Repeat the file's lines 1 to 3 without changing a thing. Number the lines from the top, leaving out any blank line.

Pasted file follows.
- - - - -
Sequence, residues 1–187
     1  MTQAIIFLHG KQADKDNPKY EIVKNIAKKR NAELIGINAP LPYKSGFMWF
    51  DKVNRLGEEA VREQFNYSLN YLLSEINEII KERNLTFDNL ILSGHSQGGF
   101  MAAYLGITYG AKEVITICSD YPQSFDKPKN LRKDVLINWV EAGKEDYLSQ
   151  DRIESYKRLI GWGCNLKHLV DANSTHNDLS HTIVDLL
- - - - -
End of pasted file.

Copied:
Sequence, residues 1–187
     1  MTQAIIFLHG KQADKDNPKY EIVKNIAKKR NAELIGINAP LPYKSGFMWF
    51  DKVNRLGEEA VREQFNYSLN YLLSEINEII KERNLTFDNL ILSGHSQGGF